In a very telling example of how Americans fared throughout 2009 as many sought to consolidate debt amid the Great Recession, consumers’ bankruptcies soared to their highest rate since 2005.
According to data filed by both the American Bankruptcy Institute, consumer bankruptcies totaled 1.4 million by the end of 2009. The figure was noticeably higher than the 1.06 million bankruptcies counted by the institute in 2008.
The rise in bankruptcies also marked the fourth consecutive year that the figure has increased since the Abuse Prevention and Consumer Protection Act was enacted in 2005.
“A combination of economic stress, including high debt loads, rising unemployment and unsustainable mortgage burdens, left many consumers with little choice but to seek the financial relief of bankruptcy,” said ABI Executive Director Samuel J. Gerdano. “As these strains continue for U.S. households, we expect that consumer filings will rise still higher in 2010.”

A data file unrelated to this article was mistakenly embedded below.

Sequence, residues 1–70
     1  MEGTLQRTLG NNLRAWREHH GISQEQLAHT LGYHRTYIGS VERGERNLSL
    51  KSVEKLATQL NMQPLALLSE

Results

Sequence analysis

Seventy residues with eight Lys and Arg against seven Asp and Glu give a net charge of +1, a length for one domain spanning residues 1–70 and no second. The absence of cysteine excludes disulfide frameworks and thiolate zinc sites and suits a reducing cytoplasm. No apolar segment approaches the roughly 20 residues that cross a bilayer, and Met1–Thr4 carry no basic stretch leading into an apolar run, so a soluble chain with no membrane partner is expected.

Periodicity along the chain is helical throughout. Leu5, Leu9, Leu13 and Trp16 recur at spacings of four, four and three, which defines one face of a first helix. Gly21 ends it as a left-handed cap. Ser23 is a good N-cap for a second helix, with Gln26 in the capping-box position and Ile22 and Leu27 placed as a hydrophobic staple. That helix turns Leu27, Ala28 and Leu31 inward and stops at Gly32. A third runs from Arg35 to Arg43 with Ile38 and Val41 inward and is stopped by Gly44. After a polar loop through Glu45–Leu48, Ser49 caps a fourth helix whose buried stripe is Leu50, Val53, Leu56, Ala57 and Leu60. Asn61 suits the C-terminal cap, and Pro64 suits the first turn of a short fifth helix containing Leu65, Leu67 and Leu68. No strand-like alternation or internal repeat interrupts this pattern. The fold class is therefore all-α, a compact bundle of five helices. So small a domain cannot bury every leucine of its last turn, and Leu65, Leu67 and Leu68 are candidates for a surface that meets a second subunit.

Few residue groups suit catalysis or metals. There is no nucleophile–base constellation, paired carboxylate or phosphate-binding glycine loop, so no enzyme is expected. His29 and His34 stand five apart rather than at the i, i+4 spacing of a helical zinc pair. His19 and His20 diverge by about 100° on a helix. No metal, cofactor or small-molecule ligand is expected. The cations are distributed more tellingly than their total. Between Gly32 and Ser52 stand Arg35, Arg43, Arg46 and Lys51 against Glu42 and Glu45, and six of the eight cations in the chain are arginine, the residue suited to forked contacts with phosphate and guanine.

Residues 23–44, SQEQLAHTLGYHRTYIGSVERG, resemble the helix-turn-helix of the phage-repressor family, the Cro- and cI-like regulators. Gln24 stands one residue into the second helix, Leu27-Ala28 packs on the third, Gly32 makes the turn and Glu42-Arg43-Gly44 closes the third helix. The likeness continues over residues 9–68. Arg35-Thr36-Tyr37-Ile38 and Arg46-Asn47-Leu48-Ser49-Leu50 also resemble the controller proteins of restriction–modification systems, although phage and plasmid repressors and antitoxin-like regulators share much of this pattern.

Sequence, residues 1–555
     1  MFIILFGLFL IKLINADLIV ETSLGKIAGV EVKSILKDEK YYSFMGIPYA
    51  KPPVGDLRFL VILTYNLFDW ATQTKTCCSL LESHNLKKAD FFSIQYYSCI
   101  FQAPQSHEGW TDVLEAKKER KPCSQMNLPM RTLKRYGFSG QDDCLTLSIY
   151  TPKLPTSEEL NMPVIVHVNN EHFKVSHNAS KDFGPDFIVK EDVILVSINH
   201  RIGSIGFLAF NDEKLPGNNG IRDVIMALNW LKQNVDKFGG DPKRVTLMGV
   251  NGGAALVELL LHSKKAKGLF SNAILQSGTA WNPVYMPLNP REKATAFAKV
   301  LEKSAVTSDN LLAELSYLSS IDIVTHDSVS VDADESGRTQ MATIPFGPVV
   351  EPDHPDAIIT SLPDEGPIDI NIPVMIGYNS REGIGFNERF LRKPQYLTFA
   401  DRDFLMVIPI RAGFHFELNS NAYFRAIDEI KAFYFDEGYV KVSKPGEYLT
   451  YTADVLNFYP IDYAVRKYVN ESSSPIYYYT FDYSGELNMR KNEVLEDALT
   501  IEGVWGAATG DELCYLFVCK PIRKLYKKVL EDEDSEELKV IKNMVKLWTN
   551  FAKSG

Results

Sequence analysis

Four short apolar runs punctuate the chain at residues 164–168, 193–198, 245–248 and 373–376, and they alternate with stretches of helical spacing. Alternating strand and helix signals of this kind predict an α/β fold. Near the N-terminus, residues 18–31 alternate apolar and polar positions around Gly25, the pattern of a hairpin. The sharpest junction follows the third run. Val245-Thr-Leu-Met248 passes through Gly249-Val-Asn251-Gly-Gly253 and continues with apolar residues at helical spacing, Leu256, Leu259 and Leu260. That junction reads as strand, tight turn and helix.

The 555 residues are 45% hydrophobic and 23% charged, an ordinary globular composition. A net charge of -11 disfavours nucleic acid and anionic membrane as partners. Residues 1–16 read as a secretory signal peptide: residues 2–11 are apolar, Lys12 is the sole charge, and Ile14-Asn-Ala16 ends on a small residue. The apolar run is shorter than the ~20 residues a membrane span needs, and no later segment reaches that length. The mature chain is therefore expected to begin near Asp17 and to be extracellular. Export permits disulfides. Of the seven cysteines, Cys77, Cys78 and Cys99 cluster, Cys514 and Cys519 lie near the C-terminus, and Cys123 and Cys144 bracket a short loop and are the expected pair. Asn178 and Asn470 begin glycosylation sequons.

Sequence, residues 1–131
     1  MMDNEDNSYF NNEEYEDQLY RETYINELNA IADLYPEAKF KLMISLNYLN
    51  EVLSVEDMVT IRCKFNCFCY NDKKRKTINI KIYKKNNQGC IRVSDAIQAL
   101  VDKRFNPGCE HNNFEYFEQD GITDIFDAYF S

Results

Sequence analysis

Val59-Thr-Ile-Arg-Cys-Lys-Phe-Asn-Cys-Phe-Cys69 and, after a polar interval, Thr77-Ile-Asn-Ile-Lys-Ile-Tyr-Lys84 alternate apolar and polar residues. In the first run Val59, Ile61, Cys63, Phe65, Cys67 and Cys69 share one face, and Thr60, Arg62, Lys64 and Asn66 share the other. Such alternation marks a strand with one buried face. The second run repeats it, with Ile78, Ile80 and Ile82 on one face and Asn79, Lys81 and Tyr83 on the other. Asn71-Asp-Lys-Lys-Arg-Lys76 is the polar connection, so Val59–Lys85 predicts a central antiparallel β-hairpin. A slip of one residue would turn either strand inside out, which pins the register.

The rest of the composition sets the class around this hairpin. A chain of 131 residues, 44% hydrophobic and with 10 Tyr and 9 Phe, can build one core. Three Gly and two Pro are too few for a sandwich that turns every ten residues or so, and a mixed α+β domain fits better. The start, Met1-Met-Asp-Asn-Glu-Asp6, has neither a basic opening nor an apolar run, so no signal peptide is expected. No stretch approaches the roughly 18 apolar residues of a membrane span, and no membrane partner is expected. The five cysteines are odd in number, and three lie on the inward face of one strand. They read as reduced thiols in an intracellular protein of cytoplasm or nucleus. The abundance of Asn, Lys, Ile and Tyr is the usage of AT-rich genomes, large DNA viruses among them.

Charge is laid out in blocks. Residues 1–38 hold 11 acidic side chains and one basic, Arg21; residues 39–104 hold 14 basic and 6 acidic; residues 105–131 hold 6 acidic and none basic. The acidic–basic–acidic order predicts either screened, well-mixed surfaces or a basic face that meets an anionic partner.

According to CrediCards.com, the state with the highest per-capita rate of bankruptcy filings in 2009 was Nevada, which had more than 11 filings out of every 1,000 residents. Tennessee came in a distant second with more than 8 filings per 1,000.
Arizona saw the greatest increase in bankruptcy filings from year-to-year, as their figure spiked up by 77 percent from 2008 to 2009.